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Stripes II

Old 04-23-07, 04:04 PM
  #126  
John C. Ratliff
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Analogy to River Canoeing

Originally Posted by galen_52657
Man, am I glad I don't have to go through all that crap when I want to get some place. I simply roll out my front door and commence pedalling...
That is the equivalent of saying, "I'm just going to on the river to paddle downstream," without knowing the river's hazards (rapids, falls, rocks, jet boats, etc.), while river canoeing. On the river its a good way to get in trouble. I think that if you do the same on the roadway with a bicycle instead of a canoe on a river, you're also headed for a potential mishap.

John
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Old 04-23-07, 04:12 PM
  #127  
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Originally Posted by John C. Ratliff
That is the equivalent of saying, "I'm just going to on the river to paddle downstream," without knowing the river's hazards (rapids, falls, rocks, jet boats, etc.), while river canoeing. On the river its a good way to get in trouble. I think that if you do the same on the roadway with a bicycle instead of a canoe on a river, you're also headed for a potential mishap.

John
Not really the same. Road/traffic conditions are generally consisent, predictable and follow types. One generally knows what the most 'challenging' type of roadway could be before heading out on a bike vs. having a spring storm change previously moderate rapids into dangerous.

Al
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Old 04-23-07, 04:16 PM
  #128  
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Originally Posted by John C. Ratliff
That is the equivalent of saying, "I'm just going to on the river to paddle downstream," without knowing the river's hazards (rapids, falls, rocks, jet boats, etc.), while river canoeing. On the river its a good way to get in trouble. I think that if you do the same on the roadway with a bicycle instead of a canoe on a river, you're also headed for a potential mishap.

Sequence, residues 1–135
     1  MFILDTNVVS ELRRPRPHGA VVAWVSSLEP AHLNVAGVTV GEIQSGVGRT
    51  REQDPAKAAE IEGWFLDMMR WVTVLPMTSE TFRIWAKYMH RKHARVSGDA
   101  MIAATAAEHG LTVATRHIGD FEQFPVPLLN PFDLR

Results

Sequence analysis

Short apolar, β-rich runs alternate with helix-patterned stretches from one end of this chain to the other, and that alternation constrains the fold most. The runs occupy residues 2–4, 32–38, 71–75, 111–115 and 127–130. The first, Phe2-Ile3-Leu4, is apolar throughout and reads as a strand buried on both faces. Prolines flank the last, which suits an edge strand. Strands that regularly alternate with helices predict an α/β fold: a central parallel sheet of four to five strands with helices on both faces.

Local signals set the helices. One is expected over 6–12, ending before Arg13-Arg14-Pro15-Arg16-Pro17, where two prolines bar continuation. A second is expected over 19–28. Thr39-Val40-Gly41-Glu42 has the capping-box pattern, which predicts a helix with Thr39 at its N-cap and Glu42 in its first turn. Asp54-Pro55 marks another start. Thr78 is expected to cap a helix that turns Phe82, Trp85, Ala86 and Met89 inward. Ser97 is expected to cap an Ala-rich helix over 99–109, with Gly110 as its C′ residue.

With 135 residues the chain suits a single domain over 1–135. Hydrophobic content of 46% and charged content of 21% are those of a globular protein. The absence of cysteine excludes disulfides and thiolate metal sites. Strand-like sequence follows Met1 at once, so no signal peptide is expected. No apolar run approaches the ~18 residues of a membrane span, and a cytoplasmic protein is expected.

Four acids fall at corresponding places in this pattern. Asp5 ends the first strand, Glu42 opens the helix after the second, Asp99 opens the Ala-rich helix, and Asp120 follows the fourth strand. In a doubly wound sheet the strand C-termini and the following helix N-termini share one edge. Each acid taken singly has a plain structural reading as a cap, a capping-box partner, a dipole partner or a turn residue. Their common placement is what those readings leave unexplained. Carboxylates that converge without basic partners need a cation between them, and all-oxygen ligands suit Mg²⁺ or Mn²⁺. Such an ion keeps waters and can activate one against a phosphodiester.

John
John,

Read your own words and consider the implications: Comparing the hazards of going for a bike ride down some familiar roads, or even some unfamilar roads, to, say, those encountered during Powell's expedition of the Colorado, is bizarre, to say the least.

But it's very revealing that you see these activities to be comparable with respect to risk.
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Old 04-23-07, 05:32 PM
  #129  
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Originally Posted by John C. Ratliff
That is the equivalent of saying, "I'm just going to on the river to paddle downstream," without knowing the river's hazards (rapids, falls, rocks, jet boats, etc.), while river canoeing. On the river its a good way to get in trouble. I think that if you do the same on the roadway with a bicycle instead of a canoe on a river, you're also headed for a potential mishap.

John
John,

That has got to be the dumbest comparison ever posted in A & S, bar none. When one rides 8k + miles a year, year in, year out for 20 -odd years, roads - no matter how much traffic they have on them - just become roads. All pretty much the same. A lane is a lane is a lane. Cars have to slow down behind you and move over to pass. A very few drivers get angry/upset/frustrated but who cares? In twenty years of cycling I have never really even had a close call with a car. I have had some rednecks try to intimidate me, but they are not really going to do anything. And, it's never in an urban setting with high traffic that they try that crap. It's out in the boonies when nobody is around and the traffic and road conditions have nothing to do with it. It's just asshats being asshats. And, because I have minimum 3-4' of buffer to my right at all times, I have plenty of room to brake and turn if necessary.

Get a grip fella
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Old 04-23-07, 07:45 PM
  #130  
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That's very interesting, that you consider canoeing hazardous. I don't, and I used to have a river beside my house and take the canoe down at least 3-5 times a week. It's a means of transportation, but you still have to know the river, where things are, how to use the currents, plan the trip, etc. But I still look at the river, wear my PFD, sometimes wear a wet suit (cold water), and enjoy my paddling.
You may not realize it, but Lewis and Clark, on their expedition down the Columbia River and back, did not loose one person to a water mishap. They almost lost some gear, but not a person. Comparing my analogy to the Powell's expedition on the Colorado is also interesting, and shows where your heads are at. You guys don't know me at all, nor do you know much about canoeing. I have not been hurt paddling a canoe; but I have riding a bicycle.

You are also in denial about the safety of the roads. We have a major problem in this country about roads, and the use of it by cars. Here in Oregon, in fewer than the first 100 days of this year, we have had 100 deaths on the roads:

https://www.bta4bikes.org/btablog/200...ays-slow-down/

To quote this article, "A traffic crash occurs every 13 minutes and a fatality occurs every 18 hours in Oregon. Alcohol and drugs are involved in 40% of all crashes and speed is involved in over 50%. Nationally, the leading cause of death for persons ages 3 to 33 is a traffic crash." I think the BTA is listing four deaths to bicyclists in Oregon so far this year (if I'm reading the website correctly). So bicyclists are in this mix too.